Nadia E. Nedzel, 2018-19 HOPE Center Fellow

 

As a legal scholar at Southern University Law Center, Nadia E. Nedzel brings an unusual perspective to the Center and to the history of economics.

Or maybe not. “Remember, Friedrich Hayek was originally trained as a lawyer,” Nadia points out, “as, for that matter, was Carl Menger, the founder of the Austrian school.”

 It is through Hayek that Nadia’s work connects with economics. She is writing on the intersection of the rule of law, economic development, and corporate governance—and as it turns out, Hayek had something to say about those areas.

As she explains in a 2018 article published in the Washington University Global Studies Law Review, the rule of law is often misunderstood. “You need two things to have a rule of law: law and order, and limited government. Otherwise, you often get rule through law, which is not the same thing.”

The rule of law and economic development go hand in hand, Nadia says. “That’s what Hayek was getting at in The Road to Serfdom.”

When it comes to corporate governance, we need to hold elected officials accountable and let businesses fail. “Otherwise, we get crony capitalism.”

Nadia is bringing those three components—the rule of law, development, and corporate governance—together in a manuscript that will become a book to be published by Edward Elgar.

In choosing to spend a semester at the Center, Nadia, whose previous book, Legal Reasoning, Research, and Writing for International Graduate Students, is now in its fourth edition, was looking to challenge herself by participating in a different kind of community than the one she is used to.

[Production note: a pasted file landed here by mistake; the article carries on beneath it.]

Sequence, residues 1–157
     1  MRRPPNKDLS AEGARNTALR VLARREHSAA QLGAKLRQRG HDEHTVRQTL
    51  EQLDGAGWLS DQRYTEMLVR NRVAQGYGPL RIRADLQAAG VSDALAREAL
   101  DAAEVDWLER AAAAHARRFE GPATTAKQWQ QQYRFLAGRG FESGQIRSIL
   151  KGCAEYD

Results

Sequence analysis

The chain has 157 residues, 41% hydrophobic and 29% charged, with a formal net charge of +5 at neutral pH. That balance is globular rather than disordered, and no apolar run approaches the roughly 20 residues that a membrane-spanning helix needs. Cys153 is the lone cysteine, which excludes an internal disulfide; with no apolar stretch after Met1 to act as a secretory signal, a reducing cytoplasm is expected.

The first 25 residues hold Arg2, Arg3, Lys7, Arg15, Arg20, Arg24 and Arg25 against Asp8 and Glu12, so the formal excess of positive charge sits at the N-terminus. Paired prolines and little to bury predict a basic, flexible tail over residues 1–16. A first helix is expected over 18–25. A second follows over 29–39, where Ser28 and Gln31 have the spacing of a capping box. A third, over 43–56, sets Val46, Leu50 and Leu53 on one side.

“This is proving to be an interesting experience, having a legal background as I do. Anthropologists taught me to study various microcultures in order to gain insight into my own views as well as others. So it is with economics for me. I’m learning a lot about both history and economics.  However, typical of what anthropologists call ‘culture shock,’ what sometimes seems like an insight to me turns out to be old hat for the historians and economists in the group.”

The influence works the other way as well, as Nadia is able to bring up at our weekly Friday discussions the legal contexts of a particular period or country.

Indeed, it is the collegiality at the Center that makes it a special place for her. “It’s such a pleasure to be surrounded by so many people interested in the subjects I’m working on, and vice versa.”

A resident of Baton Rouge, Louisiana, but a native of Chicago, Nadia is happy to be in a part of the country where there is spring.

Any surprises? “I didn’t know I’d love Durham so much,” she says.